There are many reasons you might want to turn your house into a rental property. Whether you can’t sell the home, you just want to move on and buy a bigger one, or you’re simply looking for a little extra income, transitioning your home into a short- or long-term rental can be a smart and profitable option.
Will it be the easiest thing you’ll ever do? Probably not. But as long as you plan ahead, understand the risks and costs, and have a clear-cut path for moving forward, it may just be one of the best.
Are you thinking about turning your home into a rental property? Follow these steps to make it happen.
Step 1: Make sure it’s allowed
Before you even begin to think about transitioning your home into a rental, you first need to check with two entities: Your mortgage lender and your homeowner’s association.
Depending on what type of mortgage loan you have, you might need to live in the home a certain amount of time before you can turn the property into a rental. Some loans won’t cover an investment property at all (only a primary residence), so double check with your mortgage lender on what you’re legally allowed to do. In many cases, you might need to refinance your loan before you can start transitioning your property.
If your home is in a community governed by an HOA, you’ll also need to check with them. Many HOAs have restrictions on rental properties (particularly short-term rentals like Airbnbs), or they might require prior approval before you can set up shop. Either way, you’ll want to make sure you’re in line with HOA rules and regulations.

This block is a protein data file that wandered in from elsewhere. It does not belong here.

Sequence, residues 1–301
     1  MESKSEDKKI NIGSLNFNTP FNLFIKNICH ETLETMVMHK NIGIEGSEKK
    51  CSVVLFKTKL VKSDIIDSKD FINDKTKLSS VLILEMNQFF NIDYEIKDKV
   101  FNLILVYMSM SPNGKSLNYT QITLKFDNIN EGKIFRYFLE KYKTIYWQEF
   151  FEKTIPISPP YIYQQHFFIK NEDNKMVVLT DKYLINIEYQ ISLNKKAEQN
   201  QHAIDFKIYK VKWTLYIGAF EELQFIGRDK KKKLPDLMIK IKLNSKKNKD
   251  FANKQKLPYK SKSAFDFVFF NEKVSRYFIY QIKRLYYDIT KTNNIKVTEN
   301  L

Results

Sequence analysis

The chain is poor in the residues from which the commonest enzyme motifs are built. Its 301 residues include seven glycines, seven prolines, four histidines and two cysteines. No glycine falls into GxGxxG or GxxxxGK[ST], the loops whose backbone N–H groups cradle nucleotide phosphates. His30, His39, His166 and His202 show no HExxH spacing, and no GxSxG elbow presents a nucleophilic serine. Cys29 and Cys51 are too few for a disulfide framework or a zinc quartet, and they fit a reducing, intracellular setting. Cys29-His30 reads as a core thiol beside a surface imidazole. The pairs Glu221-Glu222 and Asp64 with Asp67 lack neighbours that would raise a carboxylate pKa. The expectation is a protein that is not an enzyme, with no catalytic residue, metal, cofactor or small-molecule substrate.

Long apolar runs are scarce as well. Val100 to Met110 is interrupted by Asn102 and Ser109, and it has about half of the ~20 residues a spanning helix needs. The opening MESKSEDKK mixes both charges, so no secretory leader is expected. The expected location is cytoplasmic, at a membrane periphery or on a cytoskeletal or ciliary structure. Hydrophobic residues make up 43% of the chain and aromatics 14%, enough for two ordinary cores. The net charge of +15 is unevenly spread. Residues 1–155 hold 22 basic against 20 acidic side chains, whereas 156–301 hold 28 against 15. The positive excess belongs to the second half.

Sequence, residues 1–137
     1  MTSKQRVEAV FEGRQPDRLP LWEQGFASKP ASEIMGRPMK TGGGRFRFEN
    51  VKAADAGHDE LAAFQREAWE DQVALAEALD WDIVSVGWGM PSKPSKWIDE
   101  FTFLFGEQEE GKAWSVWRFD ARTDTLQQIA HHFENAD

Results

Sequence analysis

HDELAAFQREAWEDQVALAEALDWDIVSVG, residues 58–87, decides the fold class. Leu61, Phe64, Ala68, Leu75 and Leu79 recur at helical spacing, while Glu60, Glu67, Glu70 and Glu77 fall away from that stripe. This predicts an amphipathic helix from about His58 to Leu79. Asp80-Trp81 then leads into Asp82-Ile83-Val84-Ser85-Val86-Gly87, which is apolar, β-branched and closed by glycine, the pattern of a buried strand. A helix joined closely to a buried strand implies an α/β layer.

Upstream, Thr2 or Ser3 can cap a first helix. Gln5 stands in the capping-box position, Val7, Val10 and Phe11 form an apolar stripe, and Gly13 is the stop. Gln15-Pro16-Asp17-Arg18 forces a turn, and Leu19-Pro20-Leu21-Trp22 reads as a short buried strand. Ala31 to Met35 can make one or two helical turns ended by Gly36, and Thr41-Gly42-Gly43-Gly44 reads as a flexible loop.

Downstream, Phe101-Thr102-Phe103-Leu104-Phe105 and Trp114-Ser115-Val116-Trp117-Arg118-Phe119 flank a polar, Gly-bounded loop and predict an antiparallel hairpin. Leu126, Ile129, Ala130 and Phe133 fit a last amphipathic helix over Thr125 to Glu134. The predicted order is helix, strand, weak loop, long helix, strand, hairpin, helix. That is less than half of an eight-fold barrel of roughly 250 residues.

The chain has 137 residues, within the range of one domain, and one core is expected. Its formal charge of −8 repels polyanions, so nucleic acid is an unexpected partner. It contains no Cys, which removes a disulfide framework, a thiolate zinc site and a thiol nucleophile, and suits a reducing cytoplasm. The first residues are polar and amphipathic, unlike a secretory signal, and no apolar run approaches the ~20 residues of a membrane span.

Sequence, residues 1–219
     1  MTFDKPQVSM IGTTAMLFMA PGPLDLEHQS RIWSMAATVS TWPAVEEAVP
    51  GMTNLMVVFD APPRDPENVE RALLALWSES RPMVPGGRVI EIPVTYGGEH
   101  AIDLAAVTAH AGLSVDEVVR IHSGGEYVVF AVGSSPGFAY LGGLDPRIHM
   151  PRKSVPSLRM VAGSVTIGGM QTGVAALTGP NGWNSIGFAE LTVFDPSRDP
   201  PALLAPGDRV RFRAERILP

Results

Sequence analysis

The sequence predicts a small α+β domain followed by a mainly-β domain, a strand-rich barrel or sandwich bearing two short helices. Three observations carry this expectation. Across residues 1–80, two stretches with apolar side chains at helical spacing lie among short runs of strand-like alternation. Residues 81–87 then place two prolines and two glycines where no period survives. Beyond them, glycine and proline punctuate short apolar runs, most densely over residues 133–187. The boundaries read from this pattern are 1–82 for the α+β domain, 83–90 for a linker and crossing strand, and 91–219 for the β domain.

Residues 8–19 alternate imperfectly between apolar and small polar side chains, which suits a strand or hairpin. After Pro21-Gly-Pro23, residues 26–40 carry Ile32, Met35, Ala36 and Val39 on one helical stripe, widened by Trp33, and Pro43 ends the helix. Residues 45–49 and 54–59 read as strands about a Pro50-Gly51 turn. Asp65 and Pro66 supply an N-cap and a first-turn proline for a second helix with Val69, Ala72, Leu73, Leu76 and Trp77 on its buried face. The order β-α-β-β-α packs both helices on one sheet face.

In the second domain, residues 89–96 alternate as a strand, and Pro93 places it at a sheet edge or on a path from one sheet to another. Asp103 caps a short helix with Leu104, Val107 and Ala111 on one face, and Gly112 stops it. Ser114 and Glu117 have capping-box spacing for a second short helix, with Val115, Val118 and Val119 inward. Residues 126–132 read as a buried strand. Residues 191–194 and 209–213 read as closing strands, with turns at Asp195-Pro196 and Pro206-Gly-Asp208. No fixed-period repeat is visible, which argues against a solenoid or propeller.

Step 2: Switch your insurance policies
Your existing homeowner’s insurance policy isn’t going to cut it once you become a landlord. For one, it won’t offer enough coverage. Your insurer may also have grounds to deny your claims entirely (since you’re fraudulently representing yourself as the owner-occupant.)
To make sure you’re protected, you’ll need to find a new policy before putting the property up for lease. You’ll want not only comprehensive coverage that protects you from damage and loss on the property but also liability coverage should a renter get hurt on the property.
Some rental property insurance policies can protect you even further, extending to attorney’s fees if you’re sued, property damage if the tenant is negligent, and more.
Step 3: Talk to a real estate attorney
You need an attorney’s input one way or another. First, you’ll need to talk to them about liability. Is a good insurance policy enough, or should you consider starting an LLC to protect yourself and your personal finances?
You can also tap your attorney for leasing help. Ask them to put together a customized lease agreement based on the rules and policies you plan on putting in place. You might also want guidance on other forms you’ll be using -- like your application, for example. They can go over it and make sure you’re in line with Fair Housing Laws and other legal requirements.
Step 4: Determine how you’ll manage the property
What’s the plan once you have a tenant or the property’s up on Airbnb? Who will handle maintenance requests or cleanings between guests? How will collecting rent work? What role will you play in the property’s day-to-day operations?
Sit down with your family and figure out how much time you can commit to managing the home. If you’re tight on time or won’t be near the property (maybe you’re moving out of state), hiring a property manager or property management company might be your best option.
Step 5: Do your research and bring your house up to speed